I tutor high school students in Calc and the other day I came across this problem.(adsbygoogle = window.adsbygoogle || []).push({});

Limit of (1-Sqrt(x-2))/(x-3) as x->3

I tried coaching the student on how to simplify the expression and in the end I just showed him this substitution.

Let u=Sqrt(x-2)

Then

(1-Sqrt(x-2))/(x-3) = (1-u)/(u^2-1)

And the Limit becomes

Limit of (1-u)/(u^2-1)=-1/(u+1) as u->1 which is -1/2

He looked at me like I had just done some black magic. I explained substitution to him and why it worked, showed him a couple of other simple examples, and confirmed the answer numerically (like they do in basic calc books when the limit concept is first presented). I still don't think he is 100% convinced because they had not covered this in his class yet which leads to my question.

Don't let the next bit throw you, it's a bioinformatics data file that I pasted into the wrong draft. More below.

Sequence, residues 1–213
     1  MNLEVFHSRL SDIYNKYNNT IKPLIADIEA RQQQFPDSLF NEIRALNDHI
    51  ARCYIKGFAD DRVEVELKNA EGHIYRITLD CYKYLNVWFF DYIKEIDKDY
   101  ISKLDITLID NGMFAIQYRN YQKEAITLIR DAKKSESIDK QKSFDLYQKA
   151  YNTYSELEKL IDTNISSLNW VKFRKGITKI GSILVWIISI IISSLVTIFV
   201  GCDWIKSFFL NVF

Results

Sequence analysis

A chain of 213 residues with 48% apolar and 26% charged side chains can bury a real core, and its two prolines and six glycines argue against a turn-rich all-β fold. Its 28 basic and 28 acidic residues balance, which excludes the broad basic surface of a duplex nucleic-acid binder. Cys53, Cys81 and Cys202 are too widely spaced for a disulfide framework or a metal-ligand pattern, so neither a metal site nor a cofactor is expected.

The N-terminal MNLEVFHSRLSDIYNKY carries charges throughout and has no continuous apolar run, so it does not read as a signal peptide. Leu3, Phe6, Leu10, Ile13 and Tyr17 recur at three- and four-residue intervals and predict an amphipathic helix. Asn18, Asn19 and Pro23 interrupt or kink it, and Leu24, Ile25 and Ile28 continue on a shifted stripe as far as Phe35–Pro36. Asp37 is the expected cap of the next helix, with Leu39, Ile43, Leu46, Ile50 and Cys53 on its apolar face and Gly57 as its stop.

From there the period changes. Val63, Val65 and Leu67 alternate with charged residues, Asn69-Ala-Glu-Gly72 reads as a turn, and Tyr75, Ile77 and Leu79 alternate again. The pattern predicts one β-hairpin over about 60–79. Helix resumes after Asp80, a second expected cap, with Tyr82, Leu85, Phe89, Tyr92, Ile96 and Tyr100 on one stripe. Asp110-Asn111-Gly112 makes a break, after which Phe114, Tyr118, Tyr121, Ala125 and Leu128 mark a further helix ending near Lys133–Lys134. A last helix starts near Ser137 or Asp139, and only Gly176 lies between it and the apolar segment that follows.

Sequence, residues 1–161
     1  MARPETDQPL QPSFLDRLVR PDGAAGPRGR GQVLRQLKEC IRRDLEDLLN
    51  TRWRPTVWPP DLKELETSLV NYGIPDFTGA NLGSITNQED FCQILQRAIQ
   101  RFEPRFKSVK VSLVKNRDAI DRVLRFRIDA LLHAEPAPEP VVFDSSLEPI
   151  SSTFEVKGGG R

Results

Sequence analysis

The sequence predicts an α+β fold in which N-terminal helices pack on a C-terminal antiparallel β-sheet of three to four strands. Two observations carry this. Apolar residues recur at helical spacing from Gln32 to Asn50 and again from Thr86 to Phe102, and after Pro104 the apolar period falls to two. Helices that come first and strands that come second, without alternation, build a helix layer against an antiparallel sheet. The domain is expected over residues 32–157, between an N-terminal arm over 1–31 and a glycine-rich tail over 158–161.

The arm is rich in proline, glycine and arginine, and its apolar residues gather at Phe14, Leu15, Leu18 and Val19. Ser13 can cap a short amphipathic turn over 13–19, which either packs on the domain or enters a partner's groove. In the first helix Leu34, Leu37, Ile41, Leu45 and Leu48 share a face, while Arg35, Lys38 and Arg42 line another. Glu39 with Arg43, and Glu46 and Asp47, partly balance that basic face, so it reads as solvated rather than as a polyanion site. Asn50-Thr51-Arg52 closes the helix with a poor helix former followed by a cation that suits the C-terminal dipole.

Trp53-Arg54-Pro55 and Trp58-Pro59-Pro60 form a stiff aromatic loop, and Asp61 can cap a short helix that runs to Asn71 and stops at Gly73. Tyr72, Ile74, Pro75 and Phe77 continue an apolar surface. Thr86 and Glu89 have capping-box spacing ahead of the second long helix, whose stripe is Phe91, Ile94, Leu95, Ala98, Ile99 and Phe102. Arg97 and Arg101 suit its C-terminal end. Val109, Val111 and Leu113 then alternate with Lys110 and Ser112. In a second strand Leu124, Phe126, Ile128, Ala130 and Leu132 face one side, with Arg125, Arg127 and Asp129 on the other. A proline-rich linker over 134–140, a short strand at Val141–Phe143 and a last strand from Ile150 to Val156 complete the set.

Can the original problem be solved without substitution?

**Physics Forums | Science Articles, Homework Help, Discussion**

Join Physics Forums Today!

The friendliest, high quality science and math community on the planet! Everyone who loves science is here!

The friendliest, high quality science and math community on the planet! Everyone who loves science is here!

# Simple Limit Problem

**Physics Forums | Science Articles, Homework Help, Discussion**